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Seven Ways to Present a 360 Degree View of Your Brand

By: Guest | May 17, 2012 | 
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Today’s guest post is written by Heidi Cohen

Today’s multi-platform, device-indifferent, connected world requires 360 degree branding.

By increasing the value of the products, companies, and people they represent, brands are an essential element of PR.

Whether you’re working with a B2B, B2C, non-profit, or are a solopreneur, the brand must be consistently represented online and off.

Social media and content marketing offer a wide range of media formats beyond text including photographs, videos, audio, presentations, and real life events. As a result, a well-rounded view of your brand often extends beyond an organization or individual’s brand guidelines.

To present a 360 degree view of your brand, use one (or a combination) of these seven elements.

  1. Visual signs. These attention-grabbing symbols must be carefully considered especially in photographs, videos, and live events that may appear on social media and other online locations. Traditionally including logos, design, and color usage, think broadly to encompass visual cues such as clothes. How are your people dressed? Are they in suits or casual clothes? Further, if it’s an event with attendees, how does the audience mix reflect on your brand?
  2. Audio sounds. What sounds are associated with your brand? Do you have an audio logo like Microsoft Windows? What noise is in the background where you are presenting? Are you on the factory floor, in the middle of city traffic, or in the country with birds chirping? Each portrays a different image for your audience.
  3. Spokesperson. Who represents your brand? Is it a key executive, another employee (like the social media or customer service manager), a celebrity, fictional character (like Progressive Insurance’s Flo), or a consumer? Do you consistently use the same person or does it vary based on the event or forum? How do you convey this person’s authority to the public?
  4. Language. Today’s social media world requires your brand to sound like a real person, not like unintelligible corporate gibberish. Do you have your own special language? For example, Starbucks has its own lingo for coffee drinks. From a corporate communications perspective, in what languages does your message need to be delivered? If multiple languages are required, who will check the accuracy and usage especially where nuances are involved? Here’s help with internationization.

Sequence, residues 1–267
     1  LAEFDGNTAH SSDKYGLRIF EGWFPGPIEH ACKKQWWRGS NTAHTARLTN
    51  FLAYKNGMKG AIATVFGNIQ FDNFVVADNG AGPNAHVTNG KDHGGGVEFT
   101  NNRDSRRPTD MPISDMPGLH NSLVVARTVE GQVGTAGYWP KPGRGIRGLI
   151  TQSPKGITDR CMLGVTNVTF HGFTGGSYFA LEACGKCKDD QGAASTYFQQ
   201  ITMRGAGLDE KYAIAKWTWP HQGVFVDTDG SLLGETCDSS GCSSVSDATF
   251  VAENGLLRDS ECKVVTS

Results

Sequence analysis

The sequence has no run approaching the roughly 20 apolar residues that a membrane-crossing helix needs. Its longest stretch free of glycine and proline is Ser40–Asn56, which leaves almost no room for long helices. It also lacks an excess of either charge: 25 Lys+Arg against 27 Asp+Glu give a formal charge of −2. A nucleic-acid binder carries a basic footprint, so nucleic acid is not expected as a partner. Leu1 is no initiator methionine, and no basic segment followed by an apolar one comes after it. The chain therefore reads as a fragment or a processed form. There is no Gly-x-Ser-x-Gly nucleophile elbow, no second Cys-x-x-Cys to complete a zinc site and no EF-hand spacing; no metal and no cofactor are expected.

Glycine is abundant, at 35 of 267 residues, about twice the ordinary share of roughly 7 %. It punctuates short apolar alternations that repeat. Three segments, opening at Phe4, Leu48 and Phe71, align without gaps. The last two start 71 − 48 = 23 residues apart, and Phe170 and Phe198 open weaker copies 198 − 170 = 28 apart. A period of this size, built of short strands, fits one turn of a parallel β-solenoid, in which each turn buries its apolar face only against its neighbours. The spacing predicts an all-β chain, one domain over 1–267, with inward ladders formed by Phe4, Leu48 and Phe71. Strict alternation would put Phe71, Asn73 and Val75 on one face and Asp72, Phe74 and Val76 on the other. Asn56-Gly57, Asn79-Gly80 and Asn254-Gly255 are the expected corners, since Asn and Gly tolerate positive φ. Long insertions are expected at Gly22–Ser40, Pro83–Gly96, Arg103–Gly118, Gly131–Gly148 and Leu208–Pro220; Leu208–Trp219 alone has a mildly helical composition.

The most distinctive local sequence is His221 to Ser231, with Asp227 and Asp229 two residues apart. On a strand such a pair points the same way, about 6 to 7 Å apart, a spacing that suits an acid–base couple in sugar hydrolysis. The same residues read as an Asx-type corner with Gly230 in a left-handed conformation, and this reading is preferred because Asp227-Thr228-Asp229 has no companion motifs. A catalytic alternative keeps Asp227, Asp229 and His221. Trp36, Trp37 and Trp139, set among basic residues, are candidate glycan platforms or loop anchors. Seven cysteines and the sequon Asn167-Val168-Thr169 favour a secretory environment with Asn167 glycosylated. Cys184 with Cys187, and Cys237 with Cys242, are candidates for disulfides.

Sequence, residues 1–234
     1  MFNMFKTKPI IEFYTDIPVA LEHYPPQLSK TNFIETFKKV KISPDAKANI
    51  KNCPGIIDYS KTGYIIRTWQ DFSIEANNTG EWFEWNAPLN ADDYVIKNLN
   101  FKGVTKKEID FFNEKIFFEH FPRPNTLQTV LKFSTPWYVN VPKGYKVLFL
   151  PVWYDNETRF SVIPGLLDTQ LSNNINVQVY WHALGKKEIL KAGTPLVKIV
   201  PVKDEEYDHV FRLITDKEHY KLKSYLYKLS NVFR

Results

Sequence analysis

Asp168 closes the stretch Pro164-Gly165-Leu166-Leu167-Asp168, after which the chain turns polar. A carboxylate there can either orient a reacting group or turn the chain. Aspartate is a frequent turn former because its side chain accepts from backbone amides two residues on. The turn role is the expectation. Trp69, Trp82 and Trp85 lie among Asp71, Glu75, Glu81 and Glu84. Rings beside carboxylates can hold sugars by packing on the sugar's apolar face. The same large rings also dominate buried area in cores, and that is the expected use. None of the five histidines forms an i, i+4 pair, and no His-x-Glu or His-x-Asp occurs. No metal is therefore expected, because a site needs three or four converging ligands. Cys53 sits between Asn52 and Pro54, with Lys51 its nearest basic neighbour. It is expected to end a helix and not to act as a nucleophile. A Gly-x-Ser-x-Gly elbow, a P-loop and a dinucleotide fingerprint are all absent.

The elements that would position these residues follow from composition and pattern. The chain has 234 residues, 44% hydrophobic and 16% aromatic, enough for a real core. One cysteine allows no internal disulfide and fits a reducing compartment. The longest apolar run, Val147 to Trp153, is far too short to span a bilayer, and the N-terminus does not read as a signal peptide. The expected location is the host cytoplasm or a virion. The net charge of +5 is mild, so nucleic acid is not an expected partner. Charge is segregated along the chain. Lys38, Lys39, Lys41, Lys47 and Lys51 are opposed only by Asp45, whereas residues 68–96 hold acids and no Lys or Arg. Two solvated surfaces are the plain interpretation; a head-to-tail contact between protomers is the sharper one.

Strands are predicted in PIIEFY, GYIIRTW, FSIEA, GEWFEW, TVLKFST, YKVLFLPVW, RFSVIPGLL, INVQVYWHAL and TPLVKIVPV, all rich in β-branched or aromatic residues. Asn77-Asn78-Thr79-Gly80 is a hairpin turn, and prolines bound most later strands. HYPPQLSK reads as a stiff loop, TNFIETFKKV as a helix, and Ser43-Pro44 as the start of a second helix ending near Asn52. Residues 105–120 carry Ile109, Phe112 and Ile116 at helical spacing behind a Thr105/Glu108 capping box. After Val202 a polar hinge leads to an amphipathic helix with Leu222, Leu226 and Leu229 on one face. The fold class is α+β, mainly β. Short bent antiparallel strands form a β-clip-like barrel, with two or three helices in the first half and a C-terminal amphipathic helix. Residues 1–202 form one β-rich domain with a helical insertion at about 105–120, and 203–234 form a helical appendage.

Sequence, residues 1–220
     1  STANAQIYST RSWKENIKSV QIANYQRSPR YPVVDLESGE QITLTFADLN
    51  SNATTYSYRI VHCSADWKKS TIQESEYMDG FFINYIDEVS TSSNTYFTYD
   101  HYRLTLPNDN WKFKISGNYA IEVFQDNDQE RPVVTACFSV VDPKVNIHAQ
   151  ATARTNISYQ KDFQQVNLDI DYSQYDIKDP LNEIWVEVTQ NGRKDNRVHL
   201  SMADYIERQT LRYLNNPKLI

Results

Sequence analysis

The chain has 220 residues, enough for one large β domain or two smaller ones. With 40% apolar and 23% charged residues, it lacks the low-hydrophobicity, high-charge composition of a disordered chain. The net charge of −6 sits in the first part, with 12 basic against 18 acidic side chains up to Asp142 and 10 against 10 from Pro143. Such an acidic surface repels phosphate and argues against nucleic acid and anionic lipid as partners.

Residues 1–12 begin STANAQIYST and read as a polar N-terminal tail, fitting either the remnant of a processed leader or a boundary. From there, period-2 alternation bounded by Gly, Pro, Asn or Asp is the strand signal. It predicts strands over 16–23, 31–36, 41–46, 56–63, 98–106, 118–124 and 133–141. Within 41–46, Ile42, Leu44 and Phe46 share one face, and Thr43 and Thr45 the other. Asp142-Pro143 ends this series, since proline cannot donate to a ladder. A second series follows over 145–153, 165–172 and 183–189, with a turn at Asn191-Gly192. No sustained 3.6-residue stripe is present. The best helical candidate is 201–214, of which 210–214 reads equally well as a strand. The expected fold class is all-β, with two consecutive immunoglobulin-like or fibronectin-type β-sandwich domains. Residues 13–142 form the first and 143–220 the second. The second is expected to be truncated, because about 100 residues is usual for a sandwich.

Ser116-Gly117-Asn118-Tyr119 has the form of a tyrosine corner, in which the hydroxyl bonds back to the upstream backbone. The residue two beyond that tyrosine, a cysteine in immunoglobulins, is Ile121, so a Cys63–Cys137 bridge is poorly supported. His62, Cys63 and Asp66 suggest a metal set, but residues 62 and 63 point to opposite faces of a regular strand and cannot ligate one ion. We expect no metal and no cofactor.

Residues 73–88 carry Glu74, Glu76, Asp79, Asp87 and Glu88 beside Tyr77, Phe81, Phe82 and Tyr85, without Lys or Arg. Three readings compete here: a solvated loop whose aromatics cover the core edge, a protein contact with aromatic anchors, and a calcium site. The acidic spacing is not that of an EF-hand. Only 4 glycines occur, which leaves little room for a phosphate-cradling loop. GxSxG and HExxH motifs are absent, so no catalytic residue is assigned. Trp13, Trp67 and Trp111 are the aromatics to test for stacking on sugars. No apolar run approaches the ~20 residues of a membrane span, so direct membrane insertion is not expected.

5. Environment. Where will you message be delivered? Think in terms of what the surroundings look like and how it will affect your message. Does the brand or event require a special location?  Are you in your factory, at an event community project you’re sponsoring, at corporate headquarters or from someone’s computer? Beyond the messages you’re crafting within your organization, don’t overlook your association with events in the form of sponsorships, local community, and industry conferences where the context may affect your brand in terms of look and association.
  6. Media. Which media platforms do you want your message distributed through? Think broadly to include own, third party, and social media. To the extent you have control, where do you want to build an audience? Are these platforms online or offline? Who owns the content? Do you have a right to redistribute or publish it? Don’t assume that just because it’s on the Internet you can use it. Assess how you can extend the content’s reach via your owned media platforms including your website, email list, and blog.
  7. Proof. Given that consumers don’t trust advertising, what brand-related proof can you offer prospects to persuade them to buy from your organization? This translates to word of mouth and reviews. Often this references difficult to measure, one-on-one interactions such as customer service. On review sites, how people talk about your brand can be more important than what they say specifically.

It’s difficult to control your brand’s 360 degree attributes on today’s diverse platforms. Therefore, establish a set of guidelines and modify them as appropriate. Given social media and content marketing’s evolution, your brand will probably appear in new forums and in ways you never anticipated; what’s critical is ensuring it’s consistent and recognized in a positive way.

What would you add to this list and why?

Heidi Cohen is president of Riverside Marketing Strategies. She increases profitability with innovative marketing programs based on solid analytics. Heidi shares her actionable marketing insights as chief content officer of HeidiCohen.com. You can find her on Twitter @HeidiCohen.

1 comments
Howie Goldfarb
Howie Goldfarb

This is a GREAT post @heidicohen 

 

 @ginidietrich blogged this week about having an integrated marketing plan. There is more to your business than channels. Often your street sign and physical location mean more than anything else. What if your store is dirty?

 

What about who comes to play? Over a year ago I emailed Frito Lay asking them if they knew that their Dorito's Facebook page was filled with Porn Links. They said 'Someone handles that for us and we are good'. Yeah. Right. Sure. LOL

 

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